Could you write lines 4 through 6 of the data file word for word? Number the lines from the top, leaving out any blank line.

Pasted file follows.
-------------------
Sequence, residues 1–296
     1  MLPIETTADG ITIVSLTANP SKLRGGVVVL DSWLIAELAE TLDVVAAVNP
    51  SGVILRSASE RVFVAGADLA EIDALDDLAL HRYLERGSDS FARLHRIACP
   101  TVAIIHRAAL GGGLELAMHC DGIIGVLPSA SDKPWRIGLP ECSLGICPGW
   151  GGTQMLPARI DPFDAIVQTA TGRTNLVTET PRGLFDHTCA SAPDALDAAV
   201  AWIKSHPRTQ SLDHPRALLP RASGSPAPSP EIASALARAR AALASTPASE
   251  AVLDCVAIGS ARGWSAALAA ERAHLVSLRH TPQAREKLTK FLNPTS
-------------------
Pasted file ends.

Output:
   101  TVAIIHRAAL GGGLELAMHC DGIIGVLPSA SDKPWRIGLP ECSLGICPGW
   151  GGTQMLPARI DPFDAIVQTA TGRTNLVTET PRGLFDHTCA SAPDALDAAV
   201  AWIKSHPRTQ SLDHPRALLP RASGSPAPSP EIASALARAR AALASTPASE